Davies Alpine House in winter
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Davies Alpine House

The Davies Alpine House is designed to provide the ideal, cool and dry conditions for alpine plants.

About the Davies Alpine House

The Davies Alpine House was designed to create the cool, dry and windy conditions that alpine plants favour, without using energy-intensive air conditioning and wind pumps. It is a RIBA award-winning structure which combines traditional practice with the latest technology. 

The glasshouse is 16m long and 10m high. This creates a stack effect that draws in cool air through openings on the sides and releases warm air through vents in the roof.

The glass is 12mm thick with a low iron content, this allows over 90 per cent of light through. Fan-like shades protect plants from the most intense heat of the summer sun.

The collection features a wide range of campanulas, dianthus, small ferns, helichrysum, small lavenders, primulas, saxifrage, thymes, tulips and verbascums along with lesser-known species.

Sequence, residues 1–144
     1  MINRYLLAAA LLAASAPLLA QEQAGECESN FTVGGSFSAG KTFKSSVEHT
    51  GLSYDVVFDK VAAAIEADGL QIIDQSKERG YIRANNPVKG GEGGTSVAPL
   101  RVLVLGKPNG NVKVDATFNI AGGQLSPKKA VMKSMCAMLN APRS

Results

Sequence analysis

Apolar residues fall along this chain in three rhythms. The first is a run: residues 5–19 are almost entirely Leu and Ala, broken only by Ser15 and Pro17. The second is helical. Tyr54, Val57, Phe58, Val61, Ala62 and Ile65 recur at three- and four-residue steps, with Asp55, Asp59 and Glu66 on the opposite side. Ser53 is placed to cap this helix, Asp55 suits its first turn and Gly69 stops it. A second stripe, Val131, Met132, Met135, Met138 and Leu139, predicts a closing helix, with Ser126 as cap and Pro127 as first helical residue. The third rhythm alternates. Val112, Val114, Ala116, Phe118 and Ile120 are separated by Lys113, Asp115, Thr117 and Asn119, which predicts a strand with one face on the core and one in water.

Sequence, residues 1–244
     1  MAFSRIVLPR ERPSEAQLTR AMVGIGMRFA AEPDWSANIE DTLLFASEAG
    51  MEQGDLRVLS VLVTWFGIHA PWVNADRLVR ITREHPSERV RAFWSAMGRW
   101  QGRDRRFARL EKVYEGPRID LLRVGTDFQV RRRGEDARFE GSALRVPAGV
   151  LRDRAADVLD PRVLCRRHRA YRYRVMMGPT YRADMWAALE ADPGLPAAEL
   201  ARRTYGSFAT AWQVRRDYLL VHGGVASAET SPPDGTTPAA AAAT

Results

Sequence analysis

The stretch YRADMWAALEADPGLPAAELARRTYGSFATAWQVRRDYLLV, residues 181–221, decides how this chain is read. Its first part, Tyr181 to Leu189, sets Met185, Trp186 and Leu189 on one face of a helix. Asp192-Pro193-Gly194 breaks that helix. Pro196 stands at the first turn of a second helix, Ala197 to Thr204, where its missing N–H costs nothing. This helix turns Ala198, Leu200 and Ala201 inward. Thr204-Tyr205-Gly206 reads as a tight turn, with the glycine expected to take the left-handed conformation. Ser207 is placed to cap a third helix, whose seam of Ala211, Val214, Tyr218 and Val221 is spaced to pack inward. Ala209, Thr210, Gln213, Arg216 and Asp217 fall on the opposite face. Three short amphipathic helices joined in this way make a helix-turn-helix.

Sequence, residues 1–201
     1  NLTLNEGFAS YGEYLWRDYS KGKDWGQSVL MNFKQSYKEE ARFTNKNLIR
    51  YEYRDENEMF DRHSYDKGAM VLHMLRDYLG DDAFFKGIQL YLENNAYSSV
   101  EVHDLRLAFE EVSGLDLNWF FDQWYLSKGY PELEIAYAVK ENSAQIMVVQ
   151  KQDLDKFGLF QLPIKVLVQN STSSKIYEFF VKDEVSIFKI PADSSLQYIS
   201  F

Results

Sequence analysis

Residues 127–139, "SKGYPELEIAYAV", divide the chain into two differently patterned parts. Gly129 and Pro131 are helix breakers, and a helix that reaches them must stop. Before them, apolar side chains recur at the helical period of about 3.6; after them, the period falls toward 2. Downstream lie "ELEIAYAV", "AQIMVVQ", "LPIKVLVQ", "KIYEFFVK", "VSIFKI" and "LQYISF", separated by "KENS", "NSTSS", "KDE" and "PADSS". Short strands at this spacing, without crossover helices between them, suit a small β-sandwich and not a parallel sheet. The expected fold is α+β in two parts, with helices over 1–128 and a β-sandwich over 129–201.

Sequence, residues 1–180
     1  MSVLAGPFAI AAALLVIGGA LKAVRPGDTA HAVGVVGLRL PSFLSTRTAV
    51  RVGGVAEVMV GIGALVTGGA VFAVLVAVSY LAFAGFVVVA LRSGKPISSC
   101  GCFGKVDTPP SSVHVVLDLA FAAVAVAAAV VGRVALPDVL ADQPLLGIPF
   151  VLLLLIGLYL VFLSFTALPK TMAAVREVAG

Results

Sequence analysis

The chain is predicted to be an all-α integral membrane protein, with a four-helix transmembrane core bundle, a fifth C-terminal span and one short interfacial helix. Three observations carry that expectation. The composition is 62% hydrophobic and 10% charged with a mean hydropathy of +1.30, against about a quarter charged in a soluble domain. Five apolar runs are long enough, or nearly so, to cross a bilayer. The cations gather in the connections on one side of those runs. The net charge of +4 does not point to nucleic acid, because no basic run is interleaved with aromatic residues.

Where do alpines grow?

Alpines are plants that grow above the altitude at which trees can survive.

At the poles, this equates to sea level but in the Alps it can be higher than 2,000m.

Ipheion uniflorum

Alpine conditions

In the wild, alpines spend the winter dormant, dry and protected from extreme temperatures by a blanket of snow. Melting snow in spring provides moisture and exposes the plants to light. The short growing season means plants have to flower and set seed quickly.

Alpine nursery

Plants are nurtured in Kew's Alpine Nursery and only when they come into bloom do they go on display in the Alpine House. All the plants are grown in pots, enabling staff to provide the soil and watering regime that best suits each species. 

Plants growing in pots in the Alpine Nursery at Kew